Friday, August 26, 2011

THE LUNATIC EXPRESS - Hoffman - Book Review

My friend, Alison, thought the premise of this book was so crazy and interesting that she recommended it as a must read.  Carl Hoffman's The Lunatic Express is ludicrous and a fun read (as long as you don't picture yourself on the various modes of transportation described as I sometimes did).

Mr. Hoffman is a journalist who has traveled the world for his craft.  Then, because life wasn't challenging enough, he came up with the idea to travel the most disaster-ridden modes of transportation in the most underdeveloped and poor countries on the planet.

Did you know that Latin American roads are considered the most dangerous with 1.2 million people a year killed in accidents?  I did not.  "The buses of Peru, Ecuador, and Bolivia were particularly legendary for horrific crashes, often involving coaches plunging off cliffs, like the one in Peru in December 2006 in which a packed bus plunged into a 1,640 foot gorge, killing forty-five of the forty-seven passengers."  So, of course, he takes a bus ride but at least selects Bogota, Columbia where the bus companies have to post accident and fatality reports publicly.  What a comfort.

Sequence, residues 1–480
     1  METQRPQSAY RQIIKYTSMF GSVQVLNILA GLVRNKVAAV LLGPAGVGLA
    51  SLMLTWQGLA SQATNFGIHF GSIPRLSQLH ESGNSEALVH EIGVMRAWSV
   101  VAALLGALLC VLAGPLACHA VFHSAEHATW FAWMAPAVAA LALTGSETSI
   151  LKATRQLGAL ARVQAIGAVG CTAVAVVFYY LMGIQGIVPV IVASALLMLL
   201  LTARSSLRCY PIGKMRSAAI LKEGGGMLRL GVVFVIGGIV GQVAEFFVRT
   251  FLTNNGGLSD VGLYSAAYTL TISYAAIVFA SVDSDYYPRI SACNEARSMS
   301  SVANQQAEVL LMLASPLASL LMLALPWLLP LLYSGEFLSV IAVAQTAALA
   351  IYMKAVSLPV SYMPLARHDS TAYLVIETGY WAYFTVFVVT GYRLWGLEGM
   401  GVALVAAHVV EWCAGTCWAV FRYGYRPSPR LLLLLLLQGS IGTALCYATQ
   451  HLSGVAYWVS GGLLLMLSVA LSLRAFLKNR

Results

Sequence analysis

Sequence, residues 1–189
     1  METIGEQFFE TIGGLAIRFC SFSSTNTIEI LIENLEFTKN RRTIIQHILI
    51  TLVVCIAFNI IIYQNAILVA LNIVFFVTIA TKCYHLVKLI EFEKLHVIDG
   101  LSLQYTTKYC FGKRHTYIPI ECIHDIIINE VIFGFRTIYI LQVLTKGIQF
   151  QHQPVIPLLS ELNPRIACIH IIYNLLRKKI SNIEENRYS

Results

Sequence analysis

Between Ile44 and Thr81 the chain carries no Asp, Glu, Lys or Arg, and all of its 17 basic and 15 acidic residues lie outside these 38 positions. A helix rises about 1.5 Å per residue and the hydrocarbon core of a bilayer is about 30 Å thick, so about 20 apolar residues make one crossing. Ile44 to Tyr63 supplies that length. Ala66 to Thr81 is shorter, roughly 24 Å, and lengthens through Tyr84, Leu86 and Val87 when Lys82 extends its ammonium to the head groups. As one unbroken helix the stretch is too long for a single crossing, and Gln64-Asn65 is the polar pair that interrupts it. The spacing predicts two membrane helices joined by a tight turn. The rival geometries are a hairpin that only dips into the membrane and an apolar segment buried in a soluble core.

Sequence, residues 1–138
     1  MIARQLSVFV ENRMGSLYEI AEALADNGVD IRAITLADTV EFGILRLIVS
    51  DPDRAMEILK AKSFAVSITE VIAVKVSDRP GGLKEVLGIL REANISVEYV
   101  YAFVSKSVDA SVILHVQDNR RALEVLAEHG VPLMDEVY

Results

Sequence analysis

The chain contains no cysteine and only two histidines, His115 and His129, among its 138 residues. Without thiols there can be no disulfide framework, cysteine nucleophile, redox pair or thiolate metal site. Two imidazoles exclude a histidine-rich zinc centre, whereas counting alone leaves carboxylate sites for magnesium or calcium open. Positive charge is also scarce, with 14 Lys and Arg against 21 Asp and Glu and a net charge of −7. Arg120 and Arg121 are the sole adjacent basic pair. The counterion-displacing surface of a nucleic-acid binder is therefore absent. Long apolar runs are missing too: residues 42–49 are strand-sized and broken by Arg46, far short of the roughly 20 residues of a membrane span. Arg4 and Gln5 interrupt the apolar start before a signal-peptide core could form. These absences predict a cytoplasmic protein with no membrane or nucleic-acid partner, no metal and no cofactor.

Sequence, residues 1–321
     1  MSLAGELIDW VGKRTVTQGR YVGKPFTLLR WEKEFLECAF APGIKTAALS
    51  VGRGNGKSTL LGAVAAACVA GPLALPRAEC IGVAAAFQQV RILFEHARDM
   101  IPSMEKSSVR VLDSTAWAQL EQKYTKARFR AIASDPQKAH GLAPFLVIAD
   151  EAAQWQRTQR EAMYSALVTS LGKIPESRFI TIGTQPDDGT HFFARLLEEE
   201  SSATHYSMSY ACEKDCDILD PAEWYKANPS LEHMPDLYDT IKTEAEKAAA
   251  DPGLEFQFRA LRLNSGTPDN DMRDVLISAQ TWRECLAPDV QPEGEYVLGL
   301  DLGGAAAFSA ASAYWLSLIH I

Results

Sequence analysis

Hoffman takes the planes that have no maintenance inspections, the boats that overload beyond capacity, the crime-ridden trains (also overloaded), and of course the buses which routinely slide off cliffs in mudslides. The people who board these death-traps are poor and have no other choice to get to their jobs or wherever they need to be going.  And combine the high risks with the discomfort of overcrowding, cigarette smoke, heat, humidity, trash, and what I would imagine to be pretty heinous smells, makes one appreciate any length of commute here in the U.S.A.

Most of Hoffman's fellow passengers are pretty good natured (not the thieving criminals who are often on board) and at times are helpful to him--sort of taking him under their wing.  But, really, I am missing that risk-taking gene that Hoffman must have in abundance. Because there isn't one ride in this book I would want to experience.

Also included are interviews with the passengers who survived some of these horrific accidents.  And those stories are heartbreaking.

While at times the stories seem repetitive, overall I enjoyed reading about Hoffman's experiences and grateful I didn't have to live them.

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